Big Bellies: Taking A Big Bite Out of Trash



This past August, The City of Ventura Environmental Sustainability Division, in partnership with the Downtown Ventura Partners (DVP),  installed 30 Big Belly trash and recycling bins. These containers are state-of-the-art, using solar power to self-compact trash, which reduces the amount of necessary pick-ups, saving money. These bins provide easy recycling at each trash container too. This will help Ventura to divert even more recyclables from the landfill, encourage public recycling, and eliminate unsightly scavenging of recyclables.


How do the Big Bellies Work?

These Big Belly Bins hold about 150 gallons of trash — five times the volume of an ordinary trashcan.  Recyclables go in one receptacle and trash goes into the other.  Each bin clearly indicates what goes where in case you forget.

“The solar panels located on top of the Big Bellies, absorb the sun’s energy and then trickle charge a battery located inside the machine,” states Joe Albrecht, Sales Director, Big Belly Solar, Inc., “The trash compacter has two photo eyes which produce a beam.  When the trash inside the unit breaks that beam, it sends a signal to the machine that it needs to run a compaction. The Big Belly uses 1,200 pounds of force to compress the trash. Then, when the bin is full, it has built in software that alerts service crew as to which bin is full and needs to be emptied.”

Founder and President of BigBelly Solar, Jim Poss, developed the idea for Big Bellies after seeing overflowing trash bins lining the streets of Boston while attending graduate school. He felt that if trash bins could hold more trash (and if the trash was able to be compacted using solar power), it would be a great way to eliminate the problem of trash overflow as well as be sustainable.

Big Bellies have since been taking a big bite out of trash in cities like New York and Philadelphia. In fact, they are located in 50 states across the country as well as Canada and Europe. In Southern California, they’re located in such cities as Santa Monica, Pasadena, Glendale, West Covina, Irvine, San Diego, Los Angeles, among others.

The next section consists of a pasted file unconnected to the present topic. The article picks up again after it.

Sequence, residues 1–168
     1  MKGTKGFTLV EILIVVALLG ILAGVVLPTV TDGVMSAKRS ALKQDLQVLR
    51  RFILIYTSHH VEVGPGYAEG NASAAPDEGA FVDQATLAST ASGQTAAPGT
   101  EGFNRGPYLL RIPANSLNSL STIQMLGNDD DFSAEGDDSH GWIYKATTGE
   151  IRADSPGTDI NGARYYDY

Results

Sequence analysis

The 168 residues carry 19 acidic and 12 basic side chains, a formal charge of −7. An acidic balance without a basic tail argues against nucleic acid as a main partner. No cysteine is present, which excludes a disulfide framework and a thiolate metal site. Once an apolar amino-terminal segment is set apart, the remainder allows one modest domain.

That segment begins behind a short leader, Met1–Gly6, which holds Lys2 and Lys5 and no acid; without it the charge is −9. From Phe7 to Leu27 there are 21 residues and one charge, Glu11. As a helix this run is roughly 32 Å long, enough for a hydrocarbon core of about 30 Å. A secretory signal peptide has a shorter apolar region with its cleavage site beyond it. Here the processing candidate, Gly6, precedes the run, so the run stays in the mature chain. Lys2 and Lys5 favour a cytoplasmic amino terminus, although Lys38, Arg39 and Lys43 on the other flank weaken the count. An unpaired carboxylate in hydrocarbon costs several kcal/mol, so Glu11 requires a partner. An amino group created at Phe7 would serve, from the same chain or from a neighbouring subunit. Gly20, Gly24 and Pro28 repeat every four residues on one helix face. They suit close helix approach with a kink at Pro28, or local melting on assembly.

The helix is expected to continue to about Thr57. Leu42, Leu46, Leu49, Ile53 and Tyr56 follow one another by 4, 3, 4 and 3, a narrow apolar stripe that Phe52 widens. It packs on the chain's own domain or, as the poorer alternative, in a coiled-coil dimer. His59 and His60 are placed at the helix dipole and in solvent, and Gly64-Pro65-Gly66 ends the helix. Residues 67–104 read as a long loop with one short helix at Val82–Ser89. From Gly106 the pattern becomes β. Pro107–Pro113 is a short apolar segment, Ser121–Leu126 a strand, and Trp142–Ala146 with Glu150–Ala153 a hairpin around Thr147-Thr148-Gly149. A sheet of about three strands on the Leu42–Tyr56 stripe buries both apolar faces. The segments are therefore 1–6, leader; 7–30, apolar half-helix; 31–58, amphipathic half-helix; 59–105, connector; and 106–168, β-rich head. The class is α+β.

“Ventura is currently at a 74% diversion rate,” added City of Environmental Specialist Courtney Lindberg. “The new state mandate AB341 introduces an increased diversion rate from the previous goal of 50% to a more aggressive a 75% by 2020. We’ll definitely be able to reach our target. These trash compactors cost a little more than the average trash can, but they will actually help the City save money. By using non-general fund AB939 money to purchase the Big Bellies, we are directly saving the City money to their general fund by significantly reducing the trash service levels downtown.“

These impressive energy savers, which hold five times (150 gallon capacity) the amount of a normal, 32-gallon trash bin, will help reduce trash pick-up service to once a week vs. 5 times a week. They’re also expected to help cut greenhouse gas emissions as a result of fewer pick-ups.

“The past several years, the City of Ventura has been working on a number of beautification efforts,” said City Councilmember Christy Weir. “We’ve partnered with Downtown Ventura Partners on these new Big Bellies, because not only do they help us save on trash collection, they allow for advertisement panels to be used for public services messages. It’s a win-win-win- all they way around.”

“Over the years with the open trash cans, folks dig through the cans and trash gets scattered everywhere,” said Executive Director of the Downtown Ventura Partners, Kevin Clerici. “With the Big Bellies,  all trash and recycling will remain secure  vs. scattered on the street. We’ll also have our team of Clean and Safe Ambassadors monitoring the bins on regular basis. Another benefit of the Big Bellies is that they will curb the number of times large trash trucks will be traveling on our city streets. It’s just a fantastic project.”

Every person can make a difference when it comes to reducing trash in our overcrowded landfills.  So, the next time you’re around town and you’ve got something to recycle, look for these NEW Big Bellies!

-Maryann Ridini Spencer



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